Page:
What is Indirect Sunlight
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As a succulent lover, you want to take the best care of your plants, but it can be difficult to give your plants the perfect environment when you don’t understand what they need. More than a few gardeners have been stumped when presented with the term ‘indirect sunlight’. You might have even run into a care guide describing your succulent’s ideal light levels as ‘bright, indirect light’. What exactly does that mean?
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Types of Light
Typically, you’ll find that your succulents and cacti will fall into two light categories: direct and indirect light. If you already know which one your plants need, you’ll also need to know how to provide it for them. Knowing the direction your windows face can help, but you’ll also need to know what differentiates indirect light from direct light.
Simply put, direct light is exactly what it sounds like. The sun shines directly on your plants. Depending on the time of year and where you live, plants placed in east, west, or south-facing window should receive several hours of direct sunlight per day.
It’s important to note that even plants that prefer direct light can be affected by the heat, so if you live in an especially hot climate, you may want to consider moving your direct light-loving plants away from the window a few feet to help keep them cool.
Again, indirect light is exactly what it sounds like. Your plants are in a bright location, but they never receive any sunlight directly on their leaves or stems. Light may be reflected from other surfaces on to your plants, but the sun does not shine directly on them.
North facing windows will provide your plants with plenty of indirect light, but there may not be enough light for some species. Indirect light will also be available for part of the day in windows facing west, east, or south.
You can also create indirect light if you’re not able to place your succulents in a location with enough natural indirect light. Moving your plants a few feet away from the window or even covering the window with a sheer curtain or shade can help cut down on the light your plants are exposed to.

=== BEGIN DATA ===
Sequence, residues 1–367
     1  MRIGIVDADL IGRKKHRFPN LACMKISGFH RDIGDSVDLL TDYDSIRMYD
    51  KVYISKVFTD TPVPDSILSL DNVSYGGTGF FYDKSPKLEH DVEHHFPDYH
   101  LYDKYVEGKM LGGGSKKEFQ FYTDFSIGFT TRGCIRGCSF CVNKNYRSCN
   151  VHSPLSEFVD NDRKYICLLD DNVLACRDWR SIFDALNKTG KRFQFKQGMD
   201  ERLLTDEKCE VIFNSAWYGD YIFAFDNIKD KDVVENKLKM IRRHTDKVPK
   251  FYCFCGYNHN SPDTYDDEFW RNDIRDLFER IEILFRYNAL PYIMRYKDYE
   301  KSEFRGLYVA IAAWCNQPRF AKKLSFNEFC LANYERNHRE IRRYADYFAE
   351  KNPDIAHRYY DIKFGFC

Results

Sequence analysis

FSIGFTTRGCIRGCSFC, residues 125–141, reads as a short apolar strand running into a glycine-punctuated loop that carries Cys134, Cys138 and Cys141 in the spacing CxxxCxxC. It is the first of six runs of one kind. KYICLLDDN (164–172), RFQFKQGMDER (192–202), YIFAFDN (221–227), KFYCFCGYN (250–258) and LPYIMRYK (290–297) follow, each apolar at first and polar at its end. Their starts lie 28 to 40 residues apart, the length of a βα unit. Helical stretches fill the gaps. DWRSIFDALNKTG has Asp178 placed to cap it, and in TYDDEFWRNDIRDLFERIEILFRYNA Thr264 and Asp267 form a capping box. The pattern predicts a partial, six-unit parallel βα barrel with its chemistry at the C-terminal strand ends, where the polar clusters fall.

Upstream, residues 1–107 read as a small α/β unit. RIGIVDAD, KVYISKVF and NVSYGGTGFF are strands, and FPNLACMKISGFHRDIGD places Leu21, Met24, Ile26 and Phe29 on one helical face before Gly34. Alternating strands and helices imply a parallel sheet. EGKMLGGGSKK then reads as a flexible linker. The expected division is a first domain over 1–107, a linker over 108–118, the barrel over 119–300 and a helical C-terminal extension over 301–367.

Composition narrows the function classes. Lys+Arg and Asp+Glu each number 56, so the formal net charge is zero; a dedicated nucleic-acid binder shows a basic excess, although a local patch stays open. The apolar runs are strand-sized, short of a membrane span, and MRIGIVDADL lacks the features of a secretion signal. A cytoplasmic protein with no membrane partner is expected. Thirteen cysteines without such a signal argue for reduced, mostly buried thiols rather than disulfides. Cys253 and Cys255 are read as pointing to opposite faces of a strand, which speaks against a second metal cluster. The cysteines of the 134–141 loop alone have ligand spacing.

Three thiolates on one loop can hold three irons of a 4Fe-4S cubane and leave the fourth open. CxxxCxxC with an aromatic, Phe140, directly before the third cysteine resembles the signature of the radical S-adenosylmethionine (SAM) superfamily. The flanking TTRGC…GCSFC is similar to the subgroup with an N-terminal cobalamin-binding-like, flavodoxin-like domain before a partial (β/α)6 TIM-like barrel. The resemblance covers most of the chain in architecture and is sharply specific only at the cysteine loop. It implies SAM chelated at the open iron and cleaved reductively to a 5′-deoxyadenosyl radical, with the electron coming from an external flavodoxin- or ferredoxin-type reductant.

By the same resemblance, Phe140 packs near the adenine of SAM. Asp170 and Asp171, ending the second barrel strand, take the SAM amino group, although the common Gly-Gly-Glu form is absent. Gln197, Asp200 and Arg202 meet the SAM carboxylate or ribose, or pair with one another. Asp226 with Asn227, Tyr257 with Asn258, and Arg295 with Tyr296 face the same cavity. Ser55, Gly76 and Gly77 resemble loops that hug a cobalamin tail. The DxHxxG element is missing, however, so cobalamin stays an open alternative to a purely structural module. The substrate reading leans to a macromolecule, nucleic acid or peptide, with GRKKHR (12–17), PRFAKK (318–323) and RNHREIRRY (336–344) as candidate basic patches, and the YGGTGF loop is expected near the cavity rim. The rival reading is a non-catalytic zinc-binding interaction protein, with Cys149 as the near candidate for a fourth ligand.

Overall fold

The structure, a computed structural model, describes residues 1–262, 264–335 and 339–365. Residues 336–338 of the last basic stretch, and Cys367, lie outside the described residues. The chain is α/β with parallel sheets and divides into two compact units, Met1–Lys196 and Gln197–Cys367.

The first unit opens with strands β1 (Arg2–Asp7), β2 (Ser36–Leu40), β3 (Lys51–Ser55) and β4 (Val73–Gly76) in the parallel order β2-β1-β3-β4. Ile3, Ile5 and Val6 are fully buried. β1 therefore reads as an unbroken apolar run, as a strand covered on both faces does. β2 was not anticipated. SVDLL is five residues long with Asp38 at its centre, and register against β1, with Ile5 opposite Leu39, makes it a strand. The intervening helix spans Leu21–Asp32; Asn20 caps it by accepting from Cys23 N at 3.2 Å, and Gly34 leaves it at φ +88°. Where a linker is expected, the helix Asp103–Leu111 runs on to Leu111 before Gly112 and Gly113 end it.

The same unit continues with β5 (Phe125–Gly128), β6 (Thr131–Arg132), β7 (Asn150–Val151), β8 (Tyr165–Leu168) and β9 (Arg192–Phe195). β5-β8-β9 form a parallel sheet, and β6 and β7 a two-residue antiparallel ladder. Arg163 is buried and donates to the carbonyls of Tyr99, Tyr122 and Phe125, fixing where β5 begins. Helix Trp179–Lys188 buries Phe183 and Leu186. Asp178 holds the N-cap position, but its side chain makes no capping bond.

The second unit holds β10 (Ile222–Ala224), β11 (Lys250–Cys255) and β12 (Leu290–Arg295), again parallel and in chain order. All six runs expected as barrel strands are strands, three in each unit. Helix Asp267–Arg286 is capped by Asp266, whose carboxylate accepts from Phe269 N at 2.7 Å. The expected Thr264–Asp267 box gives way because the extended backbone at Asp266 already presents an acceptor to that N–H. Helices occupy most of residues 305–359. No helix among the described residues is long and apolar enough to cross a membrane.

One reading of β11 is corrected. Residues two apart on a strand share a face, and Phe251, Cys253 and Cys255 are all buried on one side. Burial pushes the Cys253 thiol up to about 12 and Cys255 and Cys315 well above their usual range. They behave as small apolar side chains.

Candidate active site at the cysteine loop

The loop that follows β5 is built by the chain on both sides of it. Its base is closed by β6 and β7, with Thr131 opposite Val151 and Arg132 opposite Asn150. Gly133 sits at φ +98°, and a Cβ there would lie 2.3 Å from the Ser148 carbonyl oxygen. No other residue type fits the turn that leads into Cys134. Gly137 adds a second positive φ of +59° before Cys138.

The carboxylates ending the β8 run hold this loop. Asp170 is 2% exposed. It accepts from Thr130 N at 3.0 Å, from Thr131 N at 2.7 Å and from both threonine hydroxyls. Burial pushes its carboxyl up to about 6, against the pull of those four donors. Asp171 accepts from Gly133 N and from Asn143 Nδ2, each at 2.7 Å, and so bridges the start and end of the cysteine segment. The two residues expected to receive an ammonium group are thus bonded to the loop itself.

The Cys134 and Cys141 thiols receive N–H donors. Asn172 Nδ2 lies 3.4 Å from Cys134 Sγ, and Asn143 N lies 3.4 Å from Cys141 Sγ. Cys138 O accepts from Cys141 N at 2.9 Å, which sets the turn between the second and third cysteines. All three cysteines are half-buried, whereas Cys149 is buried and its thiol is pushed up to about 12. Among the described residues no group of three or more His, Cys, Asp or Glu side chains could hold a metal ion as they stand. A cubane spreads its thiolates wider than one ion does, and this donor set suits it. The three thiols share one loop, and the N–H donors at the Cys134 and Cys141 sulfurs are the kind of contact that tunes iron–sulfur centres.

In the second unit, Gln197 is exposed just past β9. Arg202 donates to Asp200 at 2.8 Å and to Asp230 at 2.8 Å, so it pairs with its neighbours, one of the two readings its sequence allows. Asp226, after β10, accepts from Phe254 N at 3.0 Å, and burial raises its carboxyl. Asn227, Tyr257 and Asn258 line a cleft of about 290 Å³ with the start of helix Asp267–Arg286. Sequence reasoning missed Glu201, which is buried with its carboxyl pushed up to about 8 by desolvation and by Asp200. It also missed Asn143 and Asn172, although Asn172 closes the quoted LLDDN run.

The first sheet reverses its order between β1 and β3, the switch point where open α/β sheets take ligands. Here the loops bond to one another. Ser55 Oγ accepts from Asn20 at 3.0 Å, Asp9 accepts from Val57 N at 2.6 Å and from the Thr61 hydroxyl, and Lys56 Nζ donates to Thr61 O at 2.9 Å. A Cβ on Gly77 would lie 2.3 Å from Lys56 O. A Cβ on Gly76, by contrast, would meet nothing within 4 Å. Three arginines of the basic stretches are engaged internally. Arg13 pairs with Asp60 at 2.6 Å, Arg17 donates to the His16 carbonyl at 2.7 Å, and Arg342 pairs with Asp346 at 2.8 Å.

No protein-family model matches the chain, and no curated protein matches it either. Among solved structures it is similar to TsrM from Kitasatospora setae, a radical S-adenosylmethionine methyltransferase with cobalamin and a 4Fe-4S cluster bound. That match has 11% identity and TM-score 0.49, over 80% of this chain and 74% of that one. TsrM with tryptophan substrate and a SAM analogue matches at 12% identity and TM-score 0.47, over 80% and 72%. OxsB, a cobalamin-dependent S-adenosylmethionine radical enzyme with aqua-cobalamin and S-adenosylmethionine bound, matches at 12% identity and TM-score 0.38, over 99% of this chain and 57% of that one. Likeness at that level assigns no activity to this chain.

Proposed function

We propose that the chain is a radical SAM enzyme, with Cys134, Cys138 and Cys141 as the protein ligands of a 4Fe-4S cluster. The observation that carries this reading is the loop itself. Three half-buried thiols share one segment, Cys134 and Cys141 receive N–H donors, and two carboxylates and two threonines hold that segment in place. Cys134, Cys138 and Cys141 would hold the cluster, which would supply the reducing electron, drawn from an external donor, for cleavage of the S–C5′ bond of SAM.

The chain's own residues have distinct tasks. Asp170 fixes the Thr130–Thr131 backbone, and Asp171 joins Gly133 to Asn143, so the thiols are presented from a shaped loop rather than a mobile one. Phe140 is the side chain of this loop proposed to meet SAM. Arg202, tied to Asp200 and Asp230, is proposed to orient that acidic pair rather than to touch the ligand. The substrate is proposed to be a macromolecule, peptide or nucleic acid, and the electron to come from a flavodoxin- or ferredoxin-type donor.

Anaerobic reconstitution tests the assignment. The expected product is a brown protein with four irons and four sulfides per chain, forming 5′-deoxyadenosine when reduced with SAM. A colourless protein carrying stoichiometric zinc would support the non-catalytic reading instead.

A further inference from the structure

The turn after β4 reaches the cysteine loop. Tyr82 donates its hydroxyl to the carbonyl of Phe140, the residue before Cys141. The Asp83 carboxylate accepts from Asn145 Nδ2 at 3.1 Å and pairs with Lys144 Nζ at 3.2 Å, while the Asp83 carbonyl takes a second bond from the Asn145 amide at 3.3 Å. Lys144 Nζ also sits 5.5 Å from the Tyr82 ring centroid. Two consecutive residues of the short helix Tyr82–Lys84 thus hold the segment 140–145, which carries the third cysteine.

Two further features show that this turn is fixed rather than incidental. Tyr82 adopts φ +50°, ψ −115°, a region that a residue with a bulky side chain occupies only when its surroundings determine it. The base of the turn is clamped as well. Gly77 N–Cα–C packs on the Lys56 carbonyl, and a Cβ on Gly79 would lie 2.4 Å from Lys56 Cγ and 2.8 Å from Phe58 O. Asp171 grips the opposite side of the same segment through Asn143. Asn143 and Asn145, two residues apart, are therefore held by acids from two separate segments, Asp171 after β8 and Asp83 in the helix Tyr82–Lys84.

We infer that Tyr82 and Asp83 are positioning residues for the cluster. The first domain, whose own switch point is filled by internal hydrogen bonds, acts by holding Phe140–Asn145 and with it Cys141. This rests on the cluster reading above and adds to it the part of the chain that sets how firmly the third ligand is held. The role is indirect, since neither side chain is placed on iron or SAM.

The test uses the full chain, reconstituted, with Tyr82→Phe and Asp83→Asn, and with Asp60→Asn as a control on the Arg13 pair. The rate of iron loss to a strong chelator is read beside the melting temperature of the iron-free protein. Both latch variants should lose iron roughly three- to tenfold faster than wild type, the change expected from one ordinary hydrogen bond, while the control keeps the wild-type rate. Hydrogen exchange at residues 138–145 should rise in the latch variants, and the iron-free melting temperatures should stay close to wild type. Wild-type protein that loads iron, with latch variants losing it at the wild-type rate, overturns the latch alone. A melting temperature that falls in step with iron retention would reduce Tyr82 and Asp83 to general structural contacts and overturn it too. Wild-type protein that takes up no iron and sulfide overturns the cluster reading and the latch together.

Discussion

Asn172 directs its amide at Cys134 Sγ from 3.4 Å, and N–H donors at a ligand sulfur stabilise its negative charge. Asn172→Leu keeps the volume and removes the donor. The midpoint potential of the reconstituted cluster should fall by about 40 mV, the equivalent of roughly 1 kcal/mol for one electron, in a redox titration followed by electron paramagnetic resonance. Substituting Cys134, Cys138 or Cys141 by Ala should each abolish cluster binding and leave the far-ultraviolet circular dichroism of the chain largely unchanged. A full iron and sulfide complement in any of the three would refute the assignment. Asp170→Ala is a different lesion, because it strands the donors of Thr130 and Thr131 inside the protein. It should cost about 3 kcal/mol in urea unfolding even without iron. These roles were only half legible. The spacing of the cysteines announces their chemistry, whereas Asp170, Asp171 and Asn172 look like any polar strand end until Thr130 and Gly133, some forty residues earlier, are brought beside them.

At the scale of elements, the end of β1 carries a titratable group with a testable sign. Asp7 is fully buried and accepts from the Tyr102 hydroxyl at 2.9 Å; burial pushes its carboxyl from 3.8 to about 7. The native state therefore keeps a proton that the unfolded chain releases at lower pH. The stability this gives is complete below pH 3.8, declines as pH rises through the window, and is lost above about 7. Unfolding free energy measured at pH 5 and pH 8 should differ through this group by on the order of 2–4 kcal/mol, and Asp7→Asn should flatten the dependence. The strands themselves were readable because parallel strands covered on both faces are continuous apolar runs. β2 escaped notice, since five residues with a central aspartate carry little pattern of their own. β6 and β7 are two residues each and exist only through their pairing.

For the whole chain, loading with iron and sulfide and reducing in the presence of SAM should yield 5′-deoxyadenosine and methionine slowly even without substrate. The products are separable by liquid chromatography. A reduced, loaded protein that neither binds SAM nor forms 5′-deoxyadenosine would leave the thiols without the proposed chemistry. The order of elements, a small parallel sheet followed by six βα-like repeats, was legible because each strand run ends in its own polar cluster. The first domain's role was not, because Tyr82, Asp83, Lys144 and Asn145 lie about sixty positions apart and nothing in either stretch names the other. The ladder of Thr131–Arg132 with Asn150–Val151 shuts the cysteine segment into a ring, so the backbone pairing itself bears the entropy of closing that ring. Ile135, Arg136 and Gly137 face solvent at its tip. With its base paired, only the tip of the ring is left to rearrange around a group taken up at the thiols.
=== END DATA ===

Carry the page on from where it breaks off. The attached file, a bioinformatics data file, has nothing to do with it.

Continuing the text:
Why Indirect Light is Important
If the species of succulents and cacti in your collection prefer indirect light, it’s important that you provide them with exactly that. Unfortunately, plants do not do well when they are exposed to too little or too much sunlight.
If your succulents aren’t getting enough light, they’re going to etiolate. Etiolation is when your plants become stretched out in their attempt to find more light. You may notice your succulent getting strangely tall with leaves that are larger and more spaced out than they should be. This is your plant’s reaction to unfavorable light conditions, and you’ll need to move it to a location with more light.
Unfortunately, etiolation is not reparable. Once your succulent has stretched out, the only way to fix it is to behead it. That may sound dramatic but propagating the uppermost portion of your plant is really the only way to overcome the damage of etiolation.
Likewise, a succulent can suffer when exposed to too much sunlight. Sticking your plants out indirect light, especially in the heat of the summer, is going to result in sunburn. Unlike etiolation, sunburn can happen quickly, so it’s important to monitor your plants anytime they’re exposed to direct sunlight.
If you notice your plants developing discolored patches, ranging in color from tan to black, your succulents are getting too much light. The texture of the leaves may also change from soft and smooth to rough and scarred.
Again, sunburn is permanent and cannot be reversed. You’ll either need to accept your plant’s new markings as part of their unique charm or wait until the damaged leaves are replaced by new growth.
So, if you have a plant that requires indirect light, you’ll make sure you’re providing enough light to prevent etiolation, but not enough direct light that you risk sunburning your garden.
How to Determine Indirect Light Level
Now that you know the differences between direct and indirect light, you’ll need to know if your space is bright enough to grow healthy succulents. Assessing the light levels in your home or outdoor space will help you determine the best place to grow your indirect light-loving succulents.